(a) Notwithstanding the provisions of section 106(3), the owner of a particular copy or phonorecord lawfully made under this title, or any person authorized by such owner, is entitled, without the authority of the copyright owner, to sell or otherwise dispose of the possession of that copy or phonorecord. Notwithstanding the preceding sentence, copies or phonorecords of works subject to restored copyright under section 104A that are manufactured before the date of restoration of copyright or, with respect to reliance parties, before publication or service of notice under section 104A(e), may be sold or otherwise disposed of without the authorization of the owner of the restored copyright for purposes of direct or indirect commercial advantage only during the 12-month period beginning on-
(1) the date of the publication in the Federal Register of the notice of intent filed with the Copyright Office under section 104A(d)(2)(A), or
(2) the date of the receipt of actual notice served under section 104A(d)(2)(B),
whichever occurs first.
(b)(1)(A) Notwithstanding the provisions of subsection (a), unless authorized by the owners of copyright in the sound recording or the owner of copyright in a computer program (including any tape, disk, or other medium embodying such program), and in the case of a sound recording in the musical works embodied therein, neither the owner of a particular phonorecord nor any person in possession of a particular copy of a computer program (including any tape, disk, or other medium embodying such program), may, for the purposes of direct or indirect commercial advantage, dispose of, or authorize the disposal of, the possession of that phonorecord or computer program (including any tape, disk, or other medium embodying such program) by rental, lease, or lending, or by any other act or practice in the nature of rental, lease, or lending. Nothing in the preceding sentence shall apply to the rental, lease, or lending of a phonorecord for nonprofit purposes by a nonprofit library or nonprofit educational institution. The transfer of possession of a lawfully made copy of a computer program by a nonprofit educational institution to another nonprofit educational institution or to faculty, staff, and students does not constitute rental, lease, or lending for direct or indirect commercial purposes under this subsection.
(B) This subsection does not apply to-
(i) a computer program which is embodied in a machine or product and which cannot be copied during the ordinary operation or use of the machine or product; or
(ii) a computer program embodied in or used in conjunction with a limited purpose computer that is designed for playing video games and may be designed for other purposes.
(C) Nothing in this subsection affects any provision of chapter 9 of this title.
(2)(A) Nothing in this subsection shall apply to the lending of a computer program for nonprofit purposes by a nonprofit library, if each copy of a computer program which is lent by such library has affixed to the packaging containing the program a warning of copyright in accordance with requirements that the Register of Copyrights shall prescribe by regulation.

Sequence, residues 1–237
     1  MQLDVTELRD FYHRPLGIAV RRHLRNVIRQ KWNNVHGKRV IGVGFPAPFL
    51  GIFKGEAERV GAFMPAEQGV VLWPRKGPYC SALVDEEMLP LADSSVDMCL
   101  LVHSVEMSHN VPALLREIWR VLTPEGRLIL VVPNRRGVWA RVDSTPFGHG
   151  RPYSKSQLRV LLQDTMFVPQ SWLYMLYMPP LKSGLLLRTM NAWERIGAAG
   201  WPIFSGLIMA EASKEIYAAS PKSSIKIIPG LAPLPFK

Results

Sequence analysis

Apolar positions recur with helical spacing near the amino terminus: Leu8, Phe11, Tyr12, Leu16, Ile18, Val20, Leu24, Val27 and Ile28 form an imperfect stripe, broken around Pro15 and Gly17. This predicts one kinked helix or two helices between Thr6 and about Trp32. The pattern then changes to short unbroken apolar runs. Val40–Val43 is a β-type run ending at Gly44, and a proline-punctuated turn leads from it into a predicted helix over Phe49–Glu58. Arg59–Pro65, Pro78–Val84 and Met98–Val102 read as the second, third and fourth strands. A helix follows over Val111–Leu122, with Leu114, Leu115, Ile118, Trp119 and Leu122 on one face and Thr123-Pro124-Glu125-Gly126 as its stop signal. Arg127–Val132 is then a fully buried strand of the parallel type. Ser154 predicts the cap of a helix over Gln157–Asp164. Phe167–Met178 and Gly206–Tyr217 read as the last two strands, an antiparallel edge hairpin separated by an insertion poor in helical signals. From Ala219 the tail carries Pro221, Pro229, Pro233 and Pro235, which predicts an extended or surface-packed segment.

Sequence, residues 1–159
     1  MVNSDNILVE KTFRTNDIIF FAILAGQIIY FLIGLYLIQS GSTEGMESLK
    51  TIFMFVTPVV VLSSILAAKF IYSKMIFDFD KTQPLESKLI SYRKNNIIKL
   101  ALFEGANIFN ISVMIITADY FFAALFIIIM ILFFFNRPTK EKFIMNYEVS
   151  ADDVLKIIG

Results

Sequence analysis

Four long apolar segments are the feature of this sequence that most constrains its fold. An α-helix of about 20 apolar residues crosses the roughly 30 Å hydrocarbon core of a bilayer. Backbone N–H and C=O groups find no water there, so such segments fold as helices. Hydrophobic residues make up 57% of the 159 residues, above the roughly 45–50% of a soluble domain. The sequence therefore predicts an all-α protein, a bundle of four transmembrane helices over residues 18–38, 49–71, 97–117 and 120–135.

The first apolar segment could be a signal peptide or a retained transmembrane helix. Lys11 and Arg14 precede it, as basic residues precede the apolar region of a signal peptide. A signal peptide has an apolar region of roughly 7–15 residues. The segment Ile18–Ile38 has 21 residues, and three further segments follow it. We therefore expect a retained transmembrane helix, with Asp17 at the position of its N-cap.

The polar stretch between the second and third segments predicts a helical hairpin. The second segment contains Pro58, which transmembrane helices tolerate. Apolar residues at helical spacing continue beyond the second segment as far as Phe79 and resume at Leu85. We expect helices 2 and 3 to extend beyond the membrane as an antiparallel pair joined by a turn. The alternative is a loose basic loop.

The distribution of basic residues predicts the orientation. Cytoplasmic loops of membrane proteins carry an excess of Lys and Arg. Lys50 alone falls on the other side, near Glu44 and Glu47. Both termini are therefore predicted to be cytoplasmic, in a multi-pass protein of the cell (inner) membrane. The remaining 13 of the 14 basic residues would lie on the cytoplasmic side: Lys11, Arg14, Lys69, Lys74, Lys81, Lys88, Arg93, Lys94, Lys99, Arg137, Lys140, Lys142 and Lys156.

(B) Not later than three years after the date of the enactment of the Computer Software Rental Amendments Act of 1990, and at such times thereafter as the Register of Copyrights considers appropriate, the Register of Copyrights, after consultation with representatives of copyright owners and librarians, shall submit to the Congress a report stating whether this paragraph has achieved its intended purpose of maintaining the integrity of the copyright system while providing nonprofit libraries the capability to fulfill their function. Such report shall advise the Congress as to any information or recommendations that the Register of Copyrights considers necessary to carry out the purposes of this subsection.
(3) Nothing in this subsection shall affect any provision of the antitrust laws. For purposes of the preceding sentence, "antitrust laws" has the meaning given that term in the first section of the Clayton Act and includes section 5 of the Federal Trade Commission Act to the extent that section relates to unfair methods of competition.
(4) Any person who distributes a phonorecord or a copy of a computer program (including any tape, disk, or other medium embodying such program) in violation of paragraph (1) is an infringer of copyright under section 501 of this title and is subject to the remedies set forth in sections 502, 503, 504, and 505. Such violation shall not be a criminal offense under section 506 or cause such person to be subject to the criminal penalties set forth in section 2319 of title 18.
(c) Notwithstanding the provisions of section 106(5), the owner of a particular copy lawfully made under this title, or any person authorized by such owner, is entitled, without the authority of the copyright owner, to display that copy publicly, either directly or by the projection of no more than one image at a time, to viewers present at the place where the copy is located.